New lawyer's bill in Georgia: Hold rape equipment for 50 years

"We are obliged, if and when we find sex offenders, to give us cases. And we will do this to win all the evidence that can be won," said Mr Scott Holcomb, former prosecutor.
Investigate the CNN investigation, "Deleted", more than 200 police departments and sheriff offices nationwide and found that 25 agencies in 14 rubbish states committed to rape equipment in uncontrolled crimes reported when statutes the limitations are still running. The destruction continued after defective and incomplete investigations and most of the equipment had never been tested on DNA. A practice routine was being deleted using devices and there was no oversight, CNN received.

Although Georgia and other states have encompasses the arrears of equipment that were not tested, the destruction of such evidence is a more fundamental crisis. The kits are gone and can not be used to lock a rapist or to convict them incorrectly.

Holcomb bill requires that any investigating agency retains evidence of biological content for 50 years or the length of the statute of the limitations, whichever is the greater.
This leaves the federal government guidance. The National Justice Institute recommends retaining rape devices in "unincorporated or unresolved reporting cases" for at least 50 years or the duration of the boundary statute.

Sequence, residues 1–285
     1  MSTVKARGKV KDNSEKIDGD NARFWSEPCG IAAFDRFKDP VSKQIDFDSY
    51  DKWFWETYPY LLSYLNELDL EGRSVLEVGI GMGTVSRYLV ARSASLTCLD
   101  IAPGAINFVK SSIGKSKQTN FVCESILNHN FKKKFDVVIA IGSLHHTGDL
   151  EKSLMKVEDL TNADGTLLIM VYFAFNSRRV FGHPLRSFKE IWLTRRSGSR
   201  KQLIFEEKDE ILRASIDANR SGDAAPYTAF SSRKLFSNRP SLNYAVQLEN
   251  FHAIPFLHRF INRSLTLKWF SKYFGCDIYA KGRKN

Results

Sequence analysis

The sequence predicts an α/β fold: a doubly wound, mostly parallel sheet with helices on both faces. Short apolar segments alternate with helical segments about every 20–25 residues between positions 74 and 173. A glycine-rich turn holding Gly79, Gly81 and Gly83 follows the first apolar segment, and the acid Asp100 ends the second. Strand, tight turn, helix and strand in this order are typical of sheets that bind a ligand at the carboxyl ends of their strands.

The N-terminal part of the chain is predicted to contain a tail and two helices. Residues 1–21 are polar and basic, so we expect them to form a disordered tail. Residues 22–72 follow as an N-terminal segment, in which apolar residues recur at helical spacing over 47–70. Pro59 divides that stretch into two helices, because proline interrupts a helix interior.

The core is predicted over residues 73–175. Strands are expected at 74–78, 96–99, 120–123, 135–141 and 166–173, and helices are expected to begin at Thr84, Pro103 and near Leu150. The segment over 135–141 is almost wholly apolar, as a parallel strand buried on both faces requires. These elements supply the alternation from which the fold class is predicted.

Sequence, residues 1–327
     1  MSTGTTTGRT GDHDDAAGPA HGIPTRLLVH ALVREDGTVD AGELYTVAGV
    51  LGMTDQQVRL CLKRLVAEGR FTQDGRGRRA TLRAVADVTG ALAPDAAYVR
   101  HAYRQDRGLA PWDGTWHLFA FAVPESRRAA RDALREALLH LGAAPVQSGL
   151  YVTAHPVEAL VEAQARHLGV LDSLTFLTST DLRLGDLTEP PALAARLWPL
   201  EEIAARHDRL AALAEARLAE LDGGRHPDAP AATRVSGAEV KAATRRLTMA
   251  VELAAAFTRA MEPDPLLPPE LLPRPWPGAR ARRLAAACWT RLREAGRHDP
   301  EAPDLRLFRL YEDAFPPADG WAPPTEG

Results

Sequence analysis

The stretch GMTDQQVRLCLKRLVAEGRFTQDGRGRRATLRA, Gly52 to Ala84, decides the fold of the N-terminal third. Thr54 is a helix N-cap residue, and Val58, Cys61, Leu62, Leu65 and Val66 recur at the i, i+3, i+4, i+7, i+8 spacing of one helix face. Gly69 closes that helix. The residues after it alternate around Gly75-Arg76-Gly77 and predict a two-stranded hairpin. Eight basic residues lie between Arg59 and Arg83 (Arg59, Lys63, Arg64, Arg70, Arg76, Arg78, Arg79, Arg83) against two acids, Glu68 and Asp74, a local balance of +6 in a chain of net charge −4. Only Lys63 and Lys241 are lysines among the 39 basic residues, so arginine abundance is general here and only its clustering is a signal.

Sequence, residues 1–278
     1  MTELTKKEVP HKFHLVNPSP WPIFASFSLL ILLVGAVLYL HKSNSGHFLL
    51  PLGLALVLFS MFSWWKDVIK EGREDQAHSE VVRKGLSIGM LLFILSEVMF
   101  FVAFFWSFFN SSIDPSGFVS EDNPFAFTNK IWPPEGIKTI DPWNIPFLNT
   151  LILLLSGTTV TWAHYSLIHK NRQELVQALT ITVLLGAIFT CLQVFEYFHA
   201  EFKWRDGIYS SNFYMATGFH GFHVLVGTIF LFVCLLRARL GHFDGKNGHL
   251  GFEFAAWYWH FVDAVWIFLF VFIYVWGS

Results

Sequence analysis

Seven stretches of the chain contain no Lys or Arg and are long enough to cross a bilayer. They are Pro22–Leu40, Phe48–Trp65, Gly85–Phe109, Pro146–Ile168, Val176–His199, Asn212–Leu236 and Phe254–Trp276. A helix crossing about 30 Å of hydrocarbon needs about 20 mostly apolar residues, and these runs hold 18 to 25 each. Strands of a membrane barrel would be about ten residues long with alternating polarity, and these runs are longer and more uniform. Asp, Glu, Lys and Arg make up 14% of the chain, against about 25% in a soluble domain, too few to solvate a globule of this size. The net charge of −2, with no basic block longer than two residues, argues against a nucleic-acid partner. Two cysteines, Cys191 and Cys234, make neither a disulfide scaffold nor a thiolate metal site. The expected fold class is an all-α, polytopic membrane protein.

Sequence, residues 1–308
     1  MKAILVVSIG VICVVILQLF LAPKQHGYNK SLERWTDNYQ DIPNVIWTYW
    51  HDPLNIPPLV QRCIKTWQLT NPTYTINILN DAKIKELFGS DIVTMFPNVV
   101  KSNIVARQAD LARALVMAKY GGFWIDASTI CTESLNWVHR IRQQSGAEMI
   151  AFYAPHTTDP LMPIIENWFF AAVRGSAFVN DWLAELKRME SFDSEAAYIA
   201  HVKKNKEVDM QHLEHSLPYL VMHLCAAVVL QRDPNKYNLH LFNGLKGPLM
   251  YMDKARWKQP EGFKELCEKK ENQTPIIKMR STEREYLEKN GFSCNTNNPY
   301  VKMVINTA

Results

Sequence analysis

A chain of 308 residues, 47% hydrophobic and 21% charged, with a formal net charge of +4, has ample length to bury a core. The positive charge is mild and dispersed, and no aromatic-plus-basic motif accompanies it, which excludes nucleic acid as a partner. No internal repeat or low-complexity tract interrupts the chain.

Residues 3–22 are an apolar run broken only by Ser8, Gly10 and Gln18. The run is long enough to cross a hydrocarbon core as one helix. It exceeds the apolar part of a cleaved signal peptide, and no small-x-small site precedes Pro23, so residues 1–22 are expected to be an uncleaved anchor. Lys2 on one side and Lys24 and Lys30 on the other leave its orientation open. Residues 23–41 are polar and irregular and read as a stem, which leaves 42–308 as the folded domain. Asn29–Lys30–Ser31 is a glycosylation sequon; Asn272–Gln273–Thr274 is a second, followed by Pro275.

In Georgia, there is no statutory statute for rape, mental sodium and intense sexual battery as long as the suspect is unknown. If the doubt is known, the statute of the borders is 15 years.

DeKalb County District Solicitor Sherry Boston accepts Holcomb's legislation. The challenge of investigating sexual investigation cases, she said, is that DNA may be in law enforcement and knows that the same profile has turned to other crime scenes "but it may years to really recognize that person. "

Many rapists are many serial offenders, so when equipment is eradicated, the evidence can be used to identify suspects and link them to many attacks. A prosecution is also at risk when defendants can not exercise their right to test the original evidence used against them in court. Great rape equipment, many experts with CNN, is at risk of public safety.